Stress affects almost every system in the body, putting our cells and tissues on high alert, and stimulating the production of several hormones, including cortisol. Elevated cortisol levels are also linked to weight gain and insulin resistance, both of which are factors of inflammation.

Chronic stress contributes to atherosclerosis progression and makes people vulnerable to mental health issues. It also increases type II diabetes risk, especially in obese individuals. Fortunately, there are several ways to combat chronic stress.

Focus on the quality and quantity of your sleep (7–9 hours per night) - it's an essential process that repairs the body. It's also when your brain gets rid of the debris from activities during the day.

Finding time for yourself, a relaxing hobby, breathing exercises, and building a reliable social network of caring friends and family are also important. These positive interactions and activities help the nervous system to unwind from negative stimuli that cause stress.

Drop the booze and fags

Not all de-stressing is good. Smoking just one cigarette a day increases the risk of coronary heart disease, stroke, and several cancers. Excessive alcohol consumption also boosts cancer risks and contributes to psychiatric and digestive diseases.

☝️REMEMBER☝️Giving up smoking and alcohol is hard and can have side effects for your body. Always consult your doctor before making important changes to your lifestyle.

Your microbiome and chronic inflammation

Gut microbiome health is reflected in many processes in our bodies, including chronic inflammation and associated disease risks.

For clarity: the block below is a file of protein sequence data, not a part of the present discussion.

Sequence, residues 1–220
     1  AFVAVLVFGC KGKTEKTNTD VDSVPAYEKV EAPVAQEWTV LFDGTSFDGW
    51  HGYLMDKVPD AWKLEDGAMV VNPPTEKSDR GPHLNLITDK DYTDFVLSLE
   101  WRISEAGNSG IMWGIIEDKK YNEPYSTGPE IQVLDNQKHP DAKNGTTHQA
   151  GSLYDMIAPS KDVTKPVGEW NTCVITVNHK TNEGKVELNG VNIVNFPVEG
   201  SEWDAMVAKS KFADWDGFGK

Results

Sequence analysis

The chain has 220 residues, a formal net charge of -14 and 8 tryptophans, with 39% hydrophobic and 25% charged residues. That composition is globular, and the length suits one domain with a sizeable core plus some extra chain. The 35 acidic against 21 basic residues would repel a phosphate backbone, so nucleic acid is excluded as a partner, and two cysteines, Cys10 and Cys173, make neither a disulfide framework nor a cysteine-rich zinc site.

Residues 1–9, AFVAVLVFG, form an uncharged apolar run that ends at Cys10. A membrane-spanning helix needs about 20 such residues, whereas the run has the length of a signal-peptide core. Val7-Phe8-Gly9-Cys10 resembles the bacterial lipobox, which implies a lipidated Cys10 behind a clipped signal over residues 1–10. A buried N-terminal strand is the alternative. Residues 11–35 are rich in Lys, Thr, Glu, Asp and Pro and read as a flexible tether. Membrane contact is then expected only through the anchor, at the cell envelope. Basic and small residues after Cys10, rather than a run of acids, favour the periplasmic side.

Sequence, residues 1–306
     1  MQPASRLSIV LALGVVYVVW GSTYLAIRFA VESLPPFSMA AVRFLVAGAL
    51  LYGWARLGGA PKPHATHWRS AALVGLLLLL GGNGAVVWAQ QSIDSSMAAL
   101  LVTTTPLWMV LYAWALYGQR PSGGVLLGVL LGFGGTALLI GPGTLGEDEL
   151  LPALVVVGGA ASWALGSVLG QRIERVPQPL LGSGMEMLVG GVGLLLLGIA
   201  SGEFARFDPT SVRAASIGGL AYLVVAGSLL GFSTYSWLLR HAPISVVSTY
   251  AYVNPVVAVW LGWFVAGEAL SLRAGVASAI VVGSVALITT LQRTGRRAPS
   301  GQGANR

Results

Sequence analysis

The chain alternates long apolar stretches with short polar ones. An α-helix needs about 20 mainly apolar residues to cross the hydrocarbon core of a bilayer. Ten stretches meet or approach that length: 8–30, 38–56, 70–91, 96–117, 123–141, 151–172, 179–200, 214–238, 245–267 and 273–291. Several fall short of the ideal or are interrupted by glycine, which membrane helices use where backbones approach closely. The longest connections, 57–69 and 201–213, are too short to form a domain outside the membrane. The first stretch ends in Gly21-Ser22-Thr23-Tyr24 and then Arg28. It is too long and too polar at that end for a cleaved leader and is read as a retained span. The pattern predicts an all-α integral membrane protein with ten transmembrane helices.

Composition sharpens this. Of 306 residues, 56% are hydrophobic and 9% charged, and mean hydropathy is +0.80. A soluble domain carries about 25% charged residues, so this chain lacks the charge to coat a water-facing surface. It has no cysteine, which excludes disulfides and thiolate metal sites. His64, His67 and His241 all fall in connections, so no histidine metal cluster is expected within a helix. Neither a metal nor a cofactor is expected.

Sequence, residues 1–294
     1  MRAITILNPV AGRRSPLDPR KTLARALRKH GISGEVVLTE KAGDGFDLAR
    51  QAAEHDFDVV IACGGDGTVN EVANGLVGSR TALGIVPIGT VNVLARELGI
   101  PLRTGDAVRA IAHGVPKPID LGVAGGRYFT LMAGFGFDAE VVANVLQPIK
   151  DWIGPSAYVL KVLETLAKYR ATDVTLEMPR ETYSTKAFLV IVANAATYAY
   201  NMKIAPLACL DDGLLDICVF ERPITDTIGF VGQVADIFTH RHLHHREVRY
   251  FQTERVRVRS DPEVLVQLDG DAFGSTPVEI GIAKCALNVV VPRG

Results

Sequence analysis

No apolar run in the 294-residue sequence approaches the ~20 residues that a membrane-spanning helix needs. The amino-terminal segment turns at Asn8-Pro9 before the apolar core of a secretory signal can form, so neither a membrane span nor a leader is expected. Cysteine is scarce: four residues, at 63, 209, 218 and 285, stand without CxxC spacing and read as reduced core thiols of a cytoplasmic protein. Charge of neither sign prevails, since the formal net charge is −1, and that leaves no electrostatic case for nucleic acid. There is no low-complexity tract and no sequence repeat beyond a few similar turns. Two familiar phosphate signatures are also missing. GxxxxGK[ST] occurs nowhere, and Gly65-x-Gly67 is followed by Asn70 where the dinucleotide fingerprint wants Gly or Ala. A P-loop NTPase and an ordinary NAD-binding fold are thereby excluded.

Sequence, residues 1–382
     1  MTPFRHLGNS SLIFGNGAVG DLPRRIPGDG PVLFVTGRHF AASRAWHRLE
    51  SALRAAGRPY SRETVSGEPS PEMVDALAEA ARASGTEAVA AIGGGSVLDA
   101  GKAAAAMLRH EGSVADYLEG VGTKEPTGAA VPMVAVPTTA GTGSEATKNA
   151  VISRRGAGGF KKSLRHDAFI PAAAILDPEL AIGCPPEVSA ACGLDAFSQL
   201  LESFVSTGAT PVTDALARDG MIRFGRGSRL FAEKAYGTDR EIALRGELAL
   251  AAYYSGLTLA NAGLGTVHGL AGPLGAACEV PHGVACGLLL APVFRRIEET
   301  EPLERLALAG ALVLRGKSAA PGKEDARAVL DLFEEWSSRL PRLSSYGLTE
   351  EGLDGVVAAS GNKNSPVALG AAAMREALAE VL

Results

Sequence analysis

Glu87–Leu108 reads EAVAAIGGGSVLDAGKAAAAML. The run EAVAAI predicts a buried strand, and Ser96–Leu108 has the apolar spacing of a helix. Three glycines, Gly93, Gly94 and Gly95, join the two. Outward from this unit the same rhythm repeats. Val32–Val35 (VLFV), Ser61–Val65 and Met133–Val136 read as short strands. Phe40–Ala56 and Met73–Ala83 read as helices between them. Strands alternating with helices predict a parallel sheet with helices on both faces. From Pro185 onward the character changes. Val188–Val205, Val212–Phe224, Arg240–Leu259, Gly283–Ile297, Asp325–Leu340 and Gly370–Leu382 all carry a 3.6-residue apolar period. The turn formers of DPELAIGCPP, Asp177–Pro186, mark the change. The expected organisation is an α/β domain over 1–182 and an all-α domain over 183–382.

The gut microbiome is an ecosystem of bacteria that live in your large intestine. It's not only important for your physical health, but your mental wellbeing too.

Gut microbes and stress

Negative alterations in the composition of the gut microbiome, also known as dysbiosis, has been shown to make mice more anxious. They've also shown that chronic stress can reduce levels of important probiotic bacteria called Lactobacillus.

Studies of stress and the gut microbiota can't be conducted in humans because it's not ethically appropriate to subject humans to chronic stressors and see what happens. Interestingly, other studies in mice showed that transplanting the microbiota of stressed mice into other ones caused them to display anxiety-like behaviour too.

Studies in humans indicate that probiotic bacteria can help alleviate depression, increase stress resilience, and relieve anxiety. Researchers suggest that it's because gut bacteria influence our levels of mood chemicals like serotonin and Gamma-Aminobutyric Acid (GABA).

Butyrate combats inflammation

Multiple aspects of our health depend on molecules produced by the gut microbiome, and the human body simply cannot make them, but our bacteria can. The main question is whether having this supply is good or bad for us.

Butyrate is a short-chain fatty acid (SCFA) produced by microbes from dietary fibers that the human body cannot digest. Butyrate is one of the best studied microbiome-derived molecules for its broad benefits for our health.

First of all, it helps to maintain the integrity of our digestive tract and supplies most of the fuel for the cells of our gut lining. By doing so, it bolsters this barrier and helps prevent metabolites, food particles, and unwanted bacteria from crossing into the body from the intestines.

Low butyrate production and below-average levels of butyrate-producing bacteria are found in many inflammatory and metabolic diseases, including Crohn's disease and ulcerative colitis.

Butyrate also helps modulate the immune system by reducing the production of TNF𝛂 and IL-6, while promoting anti-inflammatory signalling. By doing so, this chemical promotes healthy and balanced microbiota, and even protects against colon cancer.

Amino acids and insulin resistance

On the opposite side of the spectrum, we have branched-chain amino acids (BCAA). This is another molecule that can't be synthesised by the human body. Two bacterial species, Prevotella copri and Bacteroides vulgatus, drive BCAA biosynthesis in disease scenarios.